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New Government food waste law is untenable and just a slogan, says top councillor





The new Government food waste law has been described as untenable and just a slogan by a top Suffolk councillor.

Cllr Philip Smart, who is responsible for environment and climate change in Ipswich, asked other executive members on Tuesday to approve the procurement of waste removal vehicles, food waste caddies and bins.

This followed last year’s Government Simpler Recycling policy announcement which would see local authorities collecting food waste weekly.

Cllr Philip Smart described the new Government food waste law as untenable and just a slogan. Picture: Ipswich Borough Council
Cllr Philip Smart described the new Government food waste law as untenable and just a slogan. Picture: Ipswich Borough Council

The new policy comes into effect at the end of March 2026 in a bid to stop smelly waste waiting weeks for collection and cutting food waste ending in landfills.

But Cllr Smart is not convinced the policy will have the desired effect as residents will have to first empty food waste into an internal caddy, and then empty it into an external caddy every week before council collection — those living in flats will be provided with larger communal bins.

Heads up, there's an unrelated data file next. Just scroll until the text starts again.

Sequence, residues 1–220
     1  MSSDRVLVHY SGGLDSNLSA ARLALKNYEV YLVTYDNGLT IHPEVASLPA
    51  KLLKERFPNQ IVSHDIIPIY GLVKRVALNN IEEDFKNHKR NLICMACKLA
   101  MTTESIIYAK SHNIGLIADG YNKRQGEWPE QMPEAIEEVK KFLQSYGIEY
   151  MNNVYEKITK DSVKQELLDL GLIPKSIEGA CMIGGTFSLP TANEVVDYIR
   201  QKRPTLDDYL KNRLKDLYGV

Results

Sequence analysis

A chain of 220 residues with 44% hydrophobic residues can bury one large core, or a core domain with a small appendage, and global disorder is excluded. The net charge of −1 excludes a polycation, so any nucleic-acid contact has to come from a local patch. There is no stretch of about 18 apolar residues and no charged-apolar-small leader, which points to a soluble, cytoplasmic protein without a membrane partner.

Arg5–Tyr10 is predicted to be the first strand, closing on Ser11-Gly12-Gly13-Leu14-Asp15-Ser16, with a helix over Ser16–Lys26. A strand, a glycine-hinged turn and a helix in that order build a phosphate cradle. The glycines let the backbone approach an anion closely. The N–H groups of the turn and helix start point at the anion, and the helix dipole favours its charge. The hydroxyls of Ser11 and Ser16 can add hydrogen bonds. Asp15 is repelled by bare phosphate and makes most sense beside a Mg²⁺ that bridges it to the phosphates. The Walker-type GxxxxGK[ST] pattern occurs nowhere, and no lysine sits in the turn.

He said: “I think very soon, if not already, people are going to see that this simpler recycling is just a slogan, it is far from simple. It’s going to be more more complex and costly for residents and local authorities.”

This followed last year’s Government Simpler Recycling policy announcement which would see local authorities collecting food waste weekly
This followed last year’s Government Simpler Recycling policy announcement which would see local authorities collecting food waste weekly

Under the new rules, food waste will also have to be collected from businesses and non-domestic premises weekly from the end of March next year.

This was described by Cllr Smart as untenable due to the current 18-month waiting list for waste collection vehicles, particularly as many other local authorities would also start their procurement process.

Current Government allocations only cover just under £950,000, or about 58 per cent of the £1.6m the system’s implementation is expected to cost in Ipswich.

Across Suffolk, estimates have the system costing a total of £6.7m, with the Government only offsetting £4.6m of that, placing further pressure on local authority financing.

On Tuesday, members of Ipswich’s executive approved the immediate start of procurement and also decided to delegate the process to officers to make sure the system was delivered on time.

The vote went through as a majority decision with Cllr Ian Fisher, the borough’s Conservative leader, voting against the proposal as he believed a cheaper alternative for the vehicles could be available in a few months.